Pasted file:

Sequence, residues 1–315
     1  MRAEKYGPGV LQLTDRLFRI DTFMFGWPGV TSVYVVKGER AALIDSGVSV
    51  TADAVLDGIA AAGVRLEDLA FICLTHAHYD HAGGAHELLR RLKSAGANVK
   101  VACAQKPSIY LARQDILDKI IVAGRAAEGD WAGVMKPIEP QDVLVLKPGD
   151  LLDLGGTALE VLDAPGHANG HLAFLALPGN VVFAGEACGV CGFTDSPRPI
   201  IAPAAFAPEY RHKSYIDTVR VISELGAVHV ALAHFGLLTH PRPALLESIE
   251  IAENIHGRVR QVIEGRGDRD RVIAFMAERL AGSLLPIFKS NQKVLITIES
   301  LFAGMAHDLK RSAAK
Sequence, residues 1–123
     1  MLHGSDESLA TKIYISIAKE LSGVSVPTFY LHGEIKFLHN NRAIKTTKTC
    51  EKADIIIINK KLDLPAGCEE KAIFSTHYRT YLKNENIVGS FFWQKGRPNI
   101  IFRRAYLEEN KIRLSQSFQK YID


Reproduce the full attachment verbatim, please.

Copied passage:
Sequence, residues 1–315
     1  MRAEKYGPGV LQLTDRLFRI DTFMFGWPGV TSVYVVKGER AALIDSGVSV
    51  TADAVLDGIA AAGVRLEDLA FICLTHAHYD HAGGAHELLR RLKSAGANVK
   101  VACAQKPSIY LARQDILDKI IVAGRAAEGD WAGVMKPIEP QDVLVLKPGD
   151  LLDLGGTALE VLDAPGHANG HLAFLALPGN VVFAGEACGV CGFTDSPRPI
   201  IAPAAFAPEY RHKSYIDTVR VISELGAVHV ALAHFGLLTH PRPALLESIE
   251  IAENIHGRVR QVIEGRGDRD RVIAFMAERL AGSLLPIFKS NQKVLITIES
   301  LFAGMAHDLK RSAAK
Sequence, residues 1–123
     1  MLHGSDESLA TKIYISIAKE LSGVSVPTFY LHGEIKFLHN NRAIKTTKTC
    51  EKADIIIINK KLDLPAGCEE KAIFSTHYRT YLKNENIVGS FFWQKGRPNI
   101  IFRRAYLEEN KIRLSQSFQK YID